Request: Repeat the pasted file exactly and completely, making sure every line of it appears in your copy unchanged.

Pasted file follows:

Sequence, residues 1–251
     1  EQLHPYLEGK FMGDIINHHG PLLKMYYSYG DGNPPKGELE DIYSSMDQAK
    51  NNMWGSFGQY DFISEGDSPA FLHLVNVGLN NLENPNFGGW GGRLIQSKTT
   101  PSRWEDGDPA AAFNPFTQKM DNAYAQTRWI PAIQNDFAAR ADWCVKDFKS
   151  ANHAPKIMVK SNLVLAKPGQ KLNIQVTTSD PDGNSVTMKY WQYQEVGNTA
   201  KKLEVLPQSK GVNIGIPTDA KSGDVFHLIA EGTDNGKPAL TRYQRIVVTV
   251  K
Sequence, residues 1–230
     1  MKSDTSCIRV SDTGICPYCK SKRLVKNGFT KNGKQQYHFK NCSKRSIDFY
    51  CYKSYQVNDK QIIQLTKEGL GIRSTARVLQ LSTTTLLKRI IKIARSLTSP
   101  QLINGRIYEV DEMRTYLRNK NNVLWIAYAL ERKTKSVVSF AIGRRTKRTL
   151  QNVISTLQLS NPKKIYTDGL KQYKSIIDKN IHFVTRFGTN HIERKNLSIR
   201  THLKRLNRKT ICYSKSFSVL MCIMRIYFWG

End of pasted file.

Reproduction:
Sequence, residues 1–251
     1  EQLHPYLEGK FMGDIINHHG PLLKMYYSYG DGNPPKGELE DIYSSMDQAK
    51  NNMWGSFGQY DFISEGDSPA FLHLVNVGLN NLENPNFGGW GGRLIQSKTT
   101  PSRWEDGDPA AAFNPFTQKM DNAYAQTRWI PAIQNDFAAR ADWCVKDFKS
   151  ANHAPKIMVK SNLVLAKPGQ KLNIQVTTSD PDGNSVTMKY WQYQEVGNTA
   201  KKLEVLPQSK GVNIGIPTDA KSGDVFHLIA EGTDNGKPAL TRYQRIVVTV
   251  K
Sequence, residues 1–230
     1  MKSDTSCIRV SDTGICPYCK SKRLVKNGFT KNGKQQYHFK NCSKRSIDFY
    51  CYKSYQVNDK QIIQLTKEGL GIRSTARVLQ LSTTTLLKRI IKIARSLTSP
   101  QLINGRIYEV DEMRTYLRNK NNVLWIAYAL ERKTKSVVSF AIGRRTKRTL
   151  QNVISTLQLS NPKKIYTDGL KQYKSIIDKN IHFVTRFGTN HIERKNLSIR
   201  THLKRLNRKT ICYSKSFSVL MCIMRIYFWG